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Livelihood sustainability needed in post-Typhoon-Haiyan, says ILO

MANILA (ILO) – Two months after Super Typhoon Haiyan hit parts of the Philippines, the ILO is stepping up efforts to create emergency employment and sustainable livelihood opportunities to help build back better.

“Since Haiyan struck on 8 November, the ILO supported the Department of Labor and Employment (DOLE) in creating over 20,000 jobs under the emergency employment programme. We reached out to 100,000 people during the initial phase in 2013 to help improve their living and working conditions,” said Lawrence Jeff Johnson, Director of the ILO Country Office for the Philippines.

“But more needs to be done to provide access to safe and decent work that includes ensuring minimum wages, sound occupational safety, skills development and social protection in line with national laws.”

One of the key priorities is to ensure that affected communities can again earn a livelihood without putting their safety and health at risk. Workers involved in emergency employment programmes are given personal protective equipment – masks, hats, gloves, boots and long sleeved shirts – and guaranteed social security and health insurance.

Almost 6 million workers had their livelihoods lost, suspended or affected in some way because of Typhoon Haiyan, according to ILO estimates. Of these, 2.6 million were already in vulnerable employment and living at or near the poverty line even before the deadly storm.
In Tacloban, workers in vulnerable forms of employment are calling for decent work to be made a priority in rebuilding after the super typhoon.

“Many of our fellow drivers lost their livelihoods. Prior to the onslaught of Haiyan, they were already living in poverty. Wage alone is not enough to help workers cope,” said Judy Torres, a leader of a transport group in Tacloban City. The group is calling for decent work, which they believe is a guarantee to inclusive growth, long-term security and a life of dignity.

Three million workers were affected in the service industry which included people working in shops, public markets, restaurants, vendors, tricycle and collective taxi drivers, mechanics, clerks, and teachers. In addition, 1.9 million workers in agriculture and 1 million in industry were also affected.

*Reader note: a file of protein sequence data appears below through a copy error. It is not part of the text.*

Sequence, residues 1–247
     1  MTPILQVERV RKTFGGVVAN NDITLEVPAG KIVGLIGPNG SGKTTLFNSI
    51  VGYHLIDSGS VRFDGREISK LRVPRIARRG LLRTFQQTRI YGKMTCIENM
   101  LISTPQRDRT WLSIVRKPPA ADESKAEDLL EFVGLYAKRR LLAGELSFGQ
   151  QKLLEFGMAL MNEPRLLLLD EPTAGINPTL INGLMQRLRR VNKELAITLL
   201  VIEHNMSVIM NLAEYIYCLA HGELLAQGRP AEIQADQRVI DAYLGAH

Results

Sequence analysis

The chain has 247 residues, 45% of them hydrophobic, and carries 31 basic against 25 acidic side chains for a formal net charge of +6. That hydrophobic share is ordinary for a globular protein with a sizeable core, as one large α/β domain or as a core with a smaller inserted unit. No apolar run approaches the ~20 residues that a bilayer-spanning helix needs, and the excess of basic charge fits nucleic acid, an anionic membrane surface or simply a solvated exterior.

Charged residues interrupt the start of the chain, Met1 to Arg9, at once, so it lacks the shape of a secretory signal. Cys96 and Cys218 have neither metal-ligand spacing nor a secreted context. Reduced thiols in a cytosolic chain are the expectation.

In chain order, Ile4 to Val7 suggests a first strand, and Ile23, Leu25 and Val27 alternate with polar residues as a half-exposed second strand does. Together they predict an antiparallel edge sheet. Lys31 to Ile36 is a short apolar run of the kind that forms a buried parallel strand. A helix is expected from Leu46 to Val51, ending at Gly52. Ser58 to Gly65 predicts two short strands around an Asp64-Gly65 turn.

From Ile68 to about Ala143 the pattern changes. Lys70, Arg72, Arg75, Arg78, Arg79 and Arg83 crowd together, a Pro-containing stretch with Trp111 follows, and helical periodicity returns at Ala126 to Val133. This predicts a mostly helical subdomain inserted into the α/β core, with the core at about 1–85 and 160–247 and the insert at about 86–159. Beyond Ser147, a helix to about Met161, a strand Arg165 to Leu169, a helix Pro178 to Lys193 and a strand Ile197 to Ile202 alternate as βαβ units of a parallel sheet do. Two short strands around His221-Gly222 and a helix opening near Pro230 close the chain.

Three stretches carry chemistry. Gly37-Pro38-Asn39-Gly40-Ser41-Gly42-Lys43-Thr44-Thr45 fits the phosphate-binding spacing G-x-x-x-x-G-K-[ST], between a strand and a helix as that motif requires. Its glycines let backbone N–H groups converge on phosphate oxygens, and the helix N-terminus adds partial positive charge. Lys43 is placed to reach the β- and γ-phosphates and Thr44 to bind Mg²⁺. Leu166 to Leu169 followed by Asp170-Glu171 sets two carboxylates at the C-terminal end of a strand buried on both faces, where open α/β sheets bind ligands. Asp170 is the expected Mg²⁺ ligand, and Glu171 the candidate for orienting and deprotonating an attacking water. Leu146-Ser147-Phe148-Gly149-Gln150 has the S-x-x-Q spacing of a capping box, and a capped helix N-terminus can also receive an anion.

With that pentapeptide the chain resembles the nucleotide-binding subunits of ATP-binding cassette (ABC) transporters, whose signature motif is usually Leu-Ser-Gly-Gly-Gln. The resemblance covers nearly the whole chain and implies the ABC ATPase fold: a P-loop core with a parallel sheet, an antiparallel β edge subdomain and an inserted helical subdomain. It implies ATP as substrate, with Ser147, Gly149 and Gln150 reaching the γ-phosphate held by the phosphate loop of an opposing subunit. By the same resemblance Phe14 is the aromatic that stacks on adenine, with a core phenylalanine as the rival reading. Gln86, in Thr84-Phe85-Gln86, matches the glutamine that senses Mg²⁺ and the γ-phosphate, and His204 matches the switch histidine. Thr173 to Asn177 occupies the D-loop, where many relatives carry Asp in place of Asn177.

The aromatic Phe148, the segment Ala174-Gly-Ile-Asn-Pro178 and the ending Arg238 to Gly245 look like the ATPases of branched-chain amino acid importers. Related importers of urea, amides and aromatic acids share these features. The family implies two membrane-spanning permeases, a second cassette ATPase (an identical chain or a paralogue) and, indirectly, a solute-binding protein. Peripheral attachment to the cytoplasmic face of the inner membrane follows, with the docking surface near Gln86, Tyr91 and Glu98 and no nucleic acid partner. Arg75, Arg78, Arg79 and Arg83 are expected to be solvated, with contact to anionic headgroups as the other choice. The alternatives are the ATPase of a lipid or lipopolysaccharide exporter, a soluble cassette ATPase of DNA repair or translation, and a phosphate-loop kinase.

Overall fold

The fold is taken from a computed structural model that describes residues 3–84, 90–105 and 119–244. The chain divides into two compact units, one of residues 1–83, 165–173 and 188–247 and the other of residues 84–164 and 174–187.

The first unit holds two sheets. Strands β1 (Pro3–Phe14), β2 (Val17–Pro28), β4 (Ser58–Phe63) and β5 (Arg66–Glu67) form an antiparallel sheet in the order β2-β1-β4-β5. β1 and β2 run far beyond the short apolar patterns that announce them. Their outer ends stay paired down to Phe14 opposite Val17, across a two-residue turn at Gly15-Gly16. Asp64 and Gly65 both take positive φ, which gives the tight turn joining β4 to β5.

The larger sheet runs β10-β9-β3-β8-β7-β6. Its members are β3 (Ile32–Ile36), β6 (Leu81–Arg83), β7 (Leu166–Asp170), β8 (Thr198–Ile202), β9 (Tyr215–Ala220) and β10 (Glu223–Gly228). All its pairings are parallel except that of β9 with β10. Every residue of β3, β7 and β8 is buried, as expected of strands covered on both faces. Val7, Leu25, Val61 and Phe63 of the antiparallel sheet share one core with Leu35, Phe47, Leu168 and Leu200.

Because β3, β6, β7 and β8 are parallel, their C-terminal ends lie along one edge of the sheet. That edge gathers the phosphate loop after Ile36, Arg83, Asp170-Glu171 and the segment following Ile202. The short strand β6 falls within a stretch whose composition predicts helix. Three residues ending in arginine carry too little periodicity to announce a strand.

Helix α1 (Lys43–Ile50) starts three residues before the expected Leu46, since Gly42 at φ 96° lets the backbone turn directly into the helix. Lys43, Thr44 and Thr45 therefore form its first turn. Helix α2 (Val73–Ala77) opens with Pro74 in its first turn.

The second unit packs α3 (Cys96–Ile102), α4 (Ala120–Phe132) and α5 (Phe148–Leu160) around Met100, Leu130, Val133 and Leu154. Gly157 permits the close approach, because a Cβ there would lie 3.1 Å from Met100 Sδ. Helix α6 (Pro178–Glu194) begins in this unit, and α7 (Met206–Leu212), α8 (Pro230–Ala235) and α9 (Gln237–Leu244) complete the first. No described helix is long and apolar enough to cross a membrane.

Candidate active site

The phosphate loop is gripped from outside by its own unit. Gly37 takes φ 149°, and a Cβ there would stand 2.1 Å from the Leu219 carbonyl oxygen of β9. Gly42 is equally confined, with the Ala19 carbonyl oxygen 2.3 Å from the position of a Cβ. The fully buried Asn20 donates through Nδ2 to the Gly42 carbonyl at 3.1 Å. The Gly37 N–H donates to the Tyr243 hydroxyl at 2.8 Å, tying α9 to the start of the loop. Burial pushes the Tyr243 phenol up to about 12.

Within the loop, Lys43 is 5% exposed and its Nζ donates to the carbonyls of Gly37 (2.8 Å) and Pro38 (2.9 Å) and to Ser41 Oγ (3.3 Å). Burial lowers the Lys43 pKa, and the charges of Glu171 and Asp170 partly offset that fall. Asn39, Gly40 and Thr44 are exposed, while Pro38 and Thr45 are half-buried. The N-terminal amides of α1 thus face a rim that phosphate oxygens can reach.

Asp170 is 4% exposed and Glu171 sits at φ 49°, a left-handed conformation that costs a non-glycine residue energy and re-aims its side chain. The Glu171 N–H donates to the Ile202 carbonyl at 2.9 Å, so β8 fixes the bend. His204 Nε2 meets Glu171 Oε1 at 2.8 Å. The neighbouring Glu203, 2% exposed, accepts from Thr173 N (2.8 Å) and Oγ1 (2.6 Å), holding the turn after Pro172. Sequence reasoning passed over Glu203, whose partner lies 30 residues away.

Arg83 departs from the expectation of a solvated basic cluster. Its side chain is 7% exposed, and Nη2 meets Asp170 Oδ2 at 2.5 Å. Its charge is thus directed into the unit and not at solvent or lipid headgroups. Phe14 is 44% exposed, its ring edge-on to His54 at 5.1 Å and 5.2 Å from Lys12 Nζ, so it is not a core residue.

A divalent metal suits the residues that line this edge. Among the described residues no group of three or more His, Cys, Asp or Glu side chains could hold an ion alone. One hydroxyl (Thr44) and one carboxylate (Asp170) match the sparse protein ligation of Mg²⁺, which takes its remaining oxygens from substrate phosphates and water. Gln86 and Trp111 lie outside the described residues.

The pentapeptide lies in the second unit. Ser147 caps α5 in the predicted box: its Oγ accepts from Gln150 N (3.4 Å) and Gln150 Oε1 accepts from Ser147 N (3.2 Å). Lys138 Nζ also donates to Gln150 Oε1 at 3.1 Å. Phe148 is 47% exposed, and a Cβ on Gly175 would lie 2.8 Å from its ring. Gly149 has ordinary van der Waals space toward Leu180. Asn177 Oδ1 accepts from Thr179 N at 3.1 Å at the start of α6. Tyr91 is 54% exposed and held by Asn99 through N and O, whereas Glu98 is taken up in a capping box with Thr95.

The ILO is working with the government and is supporting agencies like DOLE and the Technical Education and Skills Development Authority (TESDA) through emergency employment, skills training and enterprise development.

Emergency employment programmes not only help empower survivors. They also provide an opportunity for people to gain new skills, like carpentry or masonry to rebuild houses and communities, either as workers or entrepreneurs.

Another component is to prevent survivors from being lured into jobs at home or abroad that would not meet decent work criteria.

“It is about getting livelihoods to people who have lost everything and doing it the right away to ensure inclusive growth. Part of this, as President Aquino said in his inaugural address, is for migration to be ‘an option and not a necessity’. We support the government for people to find jobs at home so that they will not be forced to leave their families behind or to accept whatever work is available just to survive,” said Johnson.

More action needed

The ILO has been implementing activities in Guiuan/Samar, Tacloban, Ormoc/Leyte, Northern Cebu, Negros Occidental, Coron/Palawan and Bohol.

For example, in Coron, workers under the emergency employment programme were hired to gather raw materials for weaving split bamboo mats used for walls at tourist resorts. The ILO is now helping the community improve productivity and sustain as a longer term livelihood beyond debris clearing, repair and reconstruction.

“I am just back from some of the affected areas and it is clear from what I saw that sustainable livelihoods should be at the forefront of the recovery process,” added Johnson. “We are currently looking for additional funding to make sure we can cover all the needs in every affected area.”

The ILO recently received US$3.2 million from the Government of Norway along with earlier support from the Government of Japan and the International Maritime Employers’ Council.